It is not uncommon to find folks promoting breastfeeding as a way to boost their children’s immune systems as an alternative rather than an adjunct to vaccination. On the West Coast, this philosophy is hindering the regions efforts in achieving high enough vaccine coverage to prevent disease as noted in the Herald this week.
When it comes to prevention of infectious diseases breastfeeding is certainly not a universal elixir.
It is well accepted that infants receive specific immunity in the form of antibodies from their mother through the placenta before birth and in breast milk if they are being breast fed against a range of infections. These antibodies are temporary and wane within weeks to months. Whether a baby receives any antibodies against a particular disease and whether these antibodies are actually protective are dependent on a range of variables. Here are two examples which are of particular concern to communities who do not vaccinate. The two most infectious diseases known to man.
Pertussis (whooping cough)
Unless a mother has been recently infected with pertussis or very recently vaccinated she will not pass antibody on to her infant either transplacentally or in breast milk. This is simply because she will have no circulating antibody herself to pass on. The only way to protect baby is to vaccinate baby. Interesting study some years ago in region in Italy where pertussis was endemic in the absence of the use of vaccine. While breastfeeding appeared protective against acute lower respiratory infection, breast-fed infants had the same risk for hospitalisation with pertussis-like illness as bottle fed babies. Breastfeeding does not protect against pertussis. NZ currently has a pertussis epidemic. Pertussis can be lethal in young infants.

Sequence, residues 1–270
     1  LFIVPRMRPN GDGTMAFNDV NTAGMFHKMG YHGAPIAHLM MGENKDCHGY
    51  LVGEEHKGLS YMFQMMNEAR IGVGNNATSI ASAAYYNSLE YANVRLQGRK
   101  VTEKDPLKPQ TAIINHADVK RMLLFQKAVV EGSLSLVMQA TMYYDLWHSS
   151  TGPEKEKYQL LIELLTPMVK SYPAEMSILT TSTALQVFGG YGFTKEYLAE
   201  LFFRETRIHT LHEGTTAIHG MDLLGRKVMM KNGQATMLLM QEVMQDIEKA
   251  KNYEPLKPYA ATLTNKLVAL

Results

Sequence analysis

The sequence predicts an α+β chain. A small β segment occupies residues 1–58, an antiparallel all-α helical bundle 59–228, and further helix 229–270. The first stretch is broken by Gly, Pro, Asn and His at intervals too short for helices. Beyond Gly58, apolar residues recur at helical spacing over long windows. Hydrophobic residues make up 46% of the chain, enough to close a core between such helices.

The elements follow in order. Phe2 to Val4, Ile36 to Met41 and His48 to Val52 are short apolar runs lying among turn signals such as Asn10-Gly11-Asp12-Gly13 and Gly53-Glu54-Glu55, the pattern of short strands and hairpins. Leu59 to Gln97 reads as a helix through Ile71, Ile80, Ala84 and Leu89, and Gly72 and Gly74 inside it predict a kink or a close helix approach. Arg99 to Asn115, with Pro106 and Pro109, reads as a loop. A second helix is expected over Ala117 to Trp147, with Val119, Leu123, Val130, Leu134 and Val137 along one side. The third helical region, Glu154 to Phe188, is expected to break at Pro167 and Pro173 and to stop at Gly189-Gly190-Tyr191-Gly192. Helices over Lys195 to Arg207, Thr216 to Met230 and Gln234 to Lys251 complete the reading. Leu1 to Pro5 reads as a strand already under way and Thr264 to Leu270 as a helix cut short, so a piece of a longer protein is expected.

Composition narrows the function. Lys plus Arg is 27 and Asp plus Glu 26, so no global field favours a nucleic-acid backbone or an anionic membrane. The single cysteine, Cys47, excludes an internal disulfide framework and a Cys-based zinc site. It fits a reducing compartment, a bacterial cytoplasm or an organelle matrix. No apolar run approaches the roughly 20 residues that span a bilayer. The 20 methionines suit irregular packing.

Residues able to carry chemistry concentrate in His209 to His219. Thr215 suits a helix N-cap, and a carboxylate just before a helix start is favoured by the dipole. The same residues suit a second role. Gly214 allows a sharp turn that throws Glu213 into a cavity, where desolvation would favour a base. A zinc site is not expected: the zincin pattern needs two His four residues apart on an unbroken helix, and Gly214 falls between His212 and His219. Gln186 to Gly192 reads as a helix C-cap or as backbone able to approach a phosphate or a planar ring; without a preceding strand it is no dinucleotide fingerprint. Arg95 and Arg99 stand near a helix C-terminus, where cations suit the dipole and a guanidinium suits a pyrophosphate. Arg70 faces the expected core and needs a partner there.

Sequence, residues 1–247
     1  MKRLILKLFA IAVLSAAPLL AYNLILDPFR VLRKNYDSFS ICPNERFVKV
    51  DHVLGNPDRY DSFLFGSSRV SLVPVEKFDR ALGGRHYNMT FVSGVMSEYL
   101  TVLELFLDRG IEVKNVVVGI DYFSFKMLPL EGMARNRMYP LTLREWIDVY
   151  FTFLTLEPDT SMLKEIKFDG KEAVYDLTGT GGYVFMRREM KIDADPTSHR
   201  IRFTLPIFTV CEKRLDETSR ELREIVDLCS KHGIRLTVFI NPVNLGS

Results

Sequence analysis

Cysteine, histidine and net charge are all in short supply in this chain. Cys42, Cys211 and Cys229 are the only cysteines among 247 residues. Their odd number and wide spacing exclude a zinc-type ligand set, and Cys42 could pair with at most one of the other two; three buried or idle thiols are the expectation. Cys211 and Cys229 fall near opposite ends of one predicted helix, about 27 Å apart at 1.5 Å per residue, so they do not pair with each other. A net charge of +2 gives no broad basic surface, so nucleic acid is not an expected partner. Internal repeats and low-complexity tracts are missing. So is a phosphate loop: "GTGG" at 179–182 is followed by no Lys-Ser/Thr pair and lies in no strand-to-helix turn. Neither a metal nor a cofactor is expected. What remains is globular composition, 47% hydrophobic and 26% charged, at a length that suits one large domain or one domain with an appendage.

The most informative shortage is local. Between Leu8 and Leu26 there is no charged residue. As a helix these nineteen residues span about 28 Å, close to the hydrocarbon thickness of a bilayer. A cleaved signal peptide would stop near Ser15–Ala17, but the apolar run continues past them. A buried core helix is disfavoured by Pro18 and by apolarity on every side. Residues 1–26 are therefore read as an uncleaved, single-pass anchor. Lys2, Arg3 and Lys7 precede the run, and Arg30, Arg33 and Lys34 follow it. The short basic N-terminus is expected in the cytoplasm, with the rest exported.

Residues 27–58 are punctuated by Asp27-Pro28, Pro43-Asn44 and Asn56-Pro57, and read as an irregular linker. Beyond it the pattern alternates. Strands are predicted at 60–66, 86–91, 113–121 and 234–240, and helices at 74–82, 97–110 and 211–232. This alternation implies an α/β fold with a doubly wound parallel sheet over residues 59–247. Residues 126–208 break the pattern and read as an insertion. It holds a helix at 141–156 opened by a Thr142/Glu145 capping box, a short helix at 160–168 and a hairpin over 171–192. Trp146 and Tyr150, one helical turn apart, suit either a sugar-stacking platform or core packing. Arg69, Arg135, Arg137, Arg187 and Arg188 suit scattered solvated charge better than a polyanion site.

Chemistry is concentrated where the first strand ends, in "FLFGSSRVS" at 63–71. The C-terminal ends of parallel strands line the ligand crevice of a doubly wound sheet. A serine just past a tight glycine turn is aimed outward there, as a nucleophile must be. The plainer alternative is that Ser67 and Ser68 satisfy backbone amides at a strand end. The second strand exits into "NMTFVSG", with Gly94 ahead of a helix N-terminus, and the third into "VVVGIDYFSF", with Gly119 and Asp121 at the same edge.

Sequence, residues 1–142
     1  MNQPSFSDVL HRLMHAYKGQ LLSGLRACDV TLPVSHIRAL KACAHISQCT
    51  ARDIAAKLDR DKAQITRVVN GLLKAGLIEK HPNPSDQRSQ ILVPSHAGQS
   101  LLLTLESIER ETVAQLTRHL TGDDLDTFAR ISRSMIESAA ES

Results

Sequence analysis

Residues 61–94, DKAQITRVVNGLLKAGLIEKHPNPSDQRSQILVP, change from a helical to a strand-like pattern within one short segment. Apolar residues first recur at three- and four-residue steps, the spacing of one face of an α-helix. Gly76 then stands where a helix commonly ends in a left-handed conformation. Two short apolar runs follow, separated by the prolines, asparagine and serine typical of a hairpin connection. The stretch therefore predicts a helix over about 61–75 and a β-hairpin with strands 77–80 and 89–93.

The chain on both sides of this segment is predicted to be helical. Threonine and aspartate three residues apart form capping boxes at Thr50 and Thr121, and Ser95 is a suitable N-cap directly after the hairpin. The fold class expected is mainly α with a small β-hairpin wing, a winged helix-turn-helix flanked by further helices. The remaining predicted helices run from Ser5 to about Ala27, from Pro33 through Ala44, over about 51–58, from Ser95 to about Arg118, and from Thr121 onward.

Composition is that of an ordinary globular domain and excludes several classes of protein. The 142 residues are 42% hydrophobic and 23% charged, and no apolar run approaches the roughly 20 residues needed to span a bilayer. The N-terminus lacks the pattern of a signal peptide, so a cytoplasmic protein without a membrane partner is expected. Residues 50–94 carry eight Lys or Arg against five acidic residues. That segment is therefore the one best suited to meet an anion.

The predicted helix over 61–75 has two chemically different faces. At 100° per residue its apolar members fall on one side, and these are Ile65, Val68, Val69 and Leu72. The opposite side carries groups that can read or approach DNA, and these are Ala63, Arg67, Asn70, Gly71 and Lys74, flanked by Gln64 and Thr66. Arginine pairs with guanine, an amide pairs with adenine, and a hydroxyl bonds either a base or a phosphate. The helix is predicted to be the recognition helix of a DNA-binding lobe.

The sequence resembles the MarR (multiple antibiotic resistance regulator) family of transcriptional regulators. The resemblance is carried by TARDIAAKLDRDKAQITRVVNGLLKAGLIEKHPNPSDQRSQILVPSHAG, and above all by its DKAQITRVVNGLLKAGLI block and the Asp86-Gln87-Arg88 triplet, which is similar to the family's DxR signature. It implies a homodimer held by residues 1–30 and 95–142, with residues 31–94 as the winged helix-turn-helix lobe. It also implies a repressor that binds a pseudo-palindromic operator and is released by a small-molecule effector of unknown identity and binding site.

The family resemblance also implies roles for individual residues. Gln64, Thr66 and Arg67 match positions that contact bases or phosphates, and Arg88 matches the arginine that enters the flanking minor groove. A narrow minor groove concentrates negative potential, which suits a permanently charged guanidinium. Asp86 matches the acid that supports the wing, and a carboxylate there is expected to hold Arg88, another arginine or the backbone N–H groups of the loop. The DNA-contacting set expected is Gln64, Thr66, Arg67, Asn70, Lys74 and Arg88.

While infants may receive protective levels of antibody against measles from their mother, this rapidly wanes leaving them vulnerable. There is little or no measles antibody passed through breast milk. A study in Belgium found even when mothers had experienced clinical measles disease the antibodies passed to their babies only endured for a median of up to 3.78 months. Breastfeeding did not impact on the decay time of antibody. There is certainly some evidence that breastfeeding can reduce the severity of measles infection. A large British study investigated if breastfeeding modified clinical measles and also the effect of immunisation. Breastfeeding was associated with a modest reduction in measles diagnosis but in contrast measles vaccination was highly associated with a low risk for measles. In other words, breastfeeding helps a bit but vaccination is very effective.
Best of all – breastfeeding improves the immune response to some vaccines!